This past September 26, when Dee Gordon came to the plate as the first Marlins hitter to bat after the passing on September 25 of the team’s young star Jose Fernandez, Gordon, who bats as a left-handed batter, took the first pitch as a right-handed batter. That was done in honor of Fernandez, a righty pitcher and batter. After that first pitch from Mets pitcher Bartolo Colon, Gordon turned around and hit from his usual side, as a left-handed batter. From his normal side, Gordon promptly hit a home run off of Colon, to give Florida a lead, and the Marlins went on to win a game that was deeply haunted by the death of Fernandez the previous morning.
By a strange coincidence, Gordon’s homer as a lefty batter, coming after his first-pitch appearance from the other side of the plate, caused an all-time MLB record, specific to lefty hitters, to be tied (the record was then subsequently broken a few days later).
Here are the pitchers who have allowed, over a career, the most home runs to batters hitting from the lefty side of the plate (including both regular and post-season home runs allowed):
1. Bartolo Colon 231
2. Robin Roberts 230
3. Catfish Hunter 224
4. Jack Morris 214
5. Ferguson Jenkins 213 (or 214)
6. Bert Blyleven 206
T7. Phil Niekro and Don Sutton 203
9. Javier Vazquez 202
10. Dennis Eckersley 198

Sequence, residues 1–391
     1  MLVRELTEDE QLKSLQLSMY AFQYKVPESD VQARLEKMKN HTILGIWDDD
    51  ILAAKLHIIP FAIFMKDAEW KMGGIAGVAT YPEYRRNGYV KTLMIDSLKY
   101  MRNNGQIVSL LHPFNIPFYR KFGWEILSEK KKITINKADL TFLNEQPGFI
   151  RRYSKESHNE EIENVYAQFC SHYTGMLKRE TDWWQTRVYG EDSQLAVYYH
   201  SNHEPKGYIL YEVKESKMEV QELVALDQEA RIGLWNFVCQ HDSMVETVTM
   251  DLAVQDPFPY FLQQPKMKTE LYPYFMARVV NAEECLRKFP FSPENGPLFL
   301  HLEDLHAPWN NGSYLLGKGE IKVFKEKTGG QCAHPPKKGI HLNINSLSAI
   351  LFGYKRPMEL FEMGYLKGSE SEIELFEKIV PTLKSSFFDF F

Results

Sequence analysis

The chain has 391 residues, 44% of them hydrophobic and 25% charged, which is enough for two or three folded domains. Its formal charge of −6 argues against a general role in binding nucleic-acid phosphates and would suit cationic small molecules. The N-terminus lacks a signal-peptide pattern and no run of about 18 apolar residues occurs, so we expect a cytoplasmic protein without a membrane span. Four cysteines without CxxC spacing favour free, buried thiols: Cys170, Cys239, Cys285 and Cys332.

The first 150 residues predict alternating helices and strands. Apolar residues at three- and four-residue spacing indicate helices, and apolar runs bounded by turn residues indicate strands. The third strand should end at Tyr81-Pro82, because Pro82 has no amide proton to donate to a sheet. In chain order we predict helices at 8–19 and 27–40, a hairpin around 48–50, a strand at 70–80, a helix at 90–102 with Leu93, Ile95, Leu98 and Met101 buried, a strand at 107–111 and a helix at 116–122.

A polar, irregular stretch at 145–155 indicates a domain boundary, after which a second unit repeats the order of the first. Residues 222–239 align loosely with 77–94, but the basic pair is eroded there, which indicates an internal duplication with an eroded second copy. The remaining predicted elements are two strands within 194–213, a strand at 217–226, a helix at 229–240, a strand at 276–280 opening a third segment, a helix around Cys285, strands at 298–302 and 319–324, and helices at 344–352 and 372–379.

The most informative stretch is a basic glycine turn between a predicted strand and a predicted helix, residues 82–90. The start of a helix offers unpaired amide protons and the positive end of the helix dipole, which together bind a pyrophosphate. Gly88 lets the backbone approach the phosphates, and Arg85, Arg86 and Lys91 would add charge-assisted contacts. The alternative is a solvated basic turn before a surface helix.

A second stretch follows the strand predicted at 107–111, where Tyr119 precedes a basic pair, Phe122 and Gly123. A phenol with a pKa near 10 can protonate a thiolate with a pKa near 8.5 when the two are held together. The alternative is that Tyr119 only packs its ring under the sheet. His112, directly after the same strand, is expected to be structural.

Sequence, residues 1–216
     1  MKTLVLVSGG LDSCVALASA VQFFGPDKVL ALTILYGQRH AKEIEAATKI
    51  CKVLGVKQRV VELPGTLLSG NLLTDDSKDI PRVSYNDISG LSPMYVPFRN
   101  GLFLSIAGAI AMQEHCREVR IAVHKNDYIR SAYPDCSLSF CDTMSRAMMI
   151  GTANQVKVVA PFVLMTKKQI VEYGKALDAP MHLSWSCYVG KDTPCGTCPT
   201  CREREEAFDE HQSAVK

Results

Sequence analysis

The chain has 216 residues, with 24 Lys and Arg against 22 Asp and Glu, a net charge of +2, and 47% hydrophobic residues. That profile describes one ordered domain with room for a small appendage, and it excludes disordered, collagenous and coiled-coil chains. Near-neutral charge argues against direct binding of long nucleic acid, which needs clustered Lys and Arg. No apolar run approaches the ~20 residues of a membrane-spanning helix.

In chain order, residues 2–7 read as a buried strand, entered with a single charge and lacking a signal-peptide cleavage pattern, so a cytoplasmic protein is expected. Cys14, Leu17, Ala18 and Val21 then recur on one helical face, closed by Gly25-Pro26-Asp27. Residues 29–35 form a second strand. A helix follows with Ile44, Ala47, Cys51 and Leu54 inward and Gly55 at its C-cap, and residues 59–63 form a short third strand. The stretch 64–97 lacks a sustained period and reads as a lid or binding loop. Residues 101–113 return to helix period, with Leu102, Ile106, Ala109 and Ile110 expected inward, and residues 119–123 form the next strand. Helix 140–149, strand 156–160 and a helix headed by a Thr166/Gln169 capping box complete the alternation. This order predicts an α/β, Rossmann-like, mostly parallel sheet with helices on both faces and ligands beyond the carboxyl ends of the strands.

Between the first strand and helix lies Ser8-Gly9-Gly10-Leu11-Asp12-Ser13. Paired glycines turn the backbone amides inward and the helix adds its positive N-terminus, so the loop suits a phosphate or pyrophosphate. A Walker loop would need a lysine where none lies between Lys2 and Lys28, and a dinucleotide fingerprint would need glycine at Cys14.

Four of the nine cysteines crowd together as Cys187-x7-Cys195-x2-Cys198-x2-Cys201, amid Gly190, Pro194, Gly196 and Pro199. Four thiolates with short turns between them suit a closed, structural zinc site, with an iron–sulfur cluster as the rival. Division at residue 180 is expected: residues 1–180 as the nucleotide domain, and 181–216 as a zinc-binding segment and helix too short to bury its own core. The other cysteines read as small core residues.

Bartolo, who himself hit a memorable home run this season (albeit as a right-handed batter), tied the all-time career HRs-allowed-to-lefties record, previously held by Robin Roberts, when he allowed the Dee Gordon homer on September 26. Colon then broke the record when he allowed another memorable homer on October 1, to Ryan Howard. It was Howard’s final HR for the Phillies, and perhaps of his career (I’m not sure Ryan Howard will find another MLB spot next season — he’s been a rather consistently sub-replacement level performer since he badly injured his Achilles tendon making the final out of Philadelphia’s 2011 post-season; the Phillies have not been back to the post-season since that play). That final homer for Howard, the record-breaker for Colon, came as the Mets sought to clinch a post-season berth on the second-to-last day of the season. Howard’s blast off Colon tied the game, and put the Mets’ post-season hopes in jeopardy, but another left-handed hitting first baseman, James Loney — owner of one of the lowest HR per PA ratios of any recent long-term first basemen — hit a homer of his own to restore the Mets lead, allowing Colon, the new all-time leader in homers allowed to lefties, to get the win and the Mets to grab a wild card spot. The Mets then went on to lose the wild card game — on a ninth-inning homer by unheralded lefty batter Conor Gillaspie.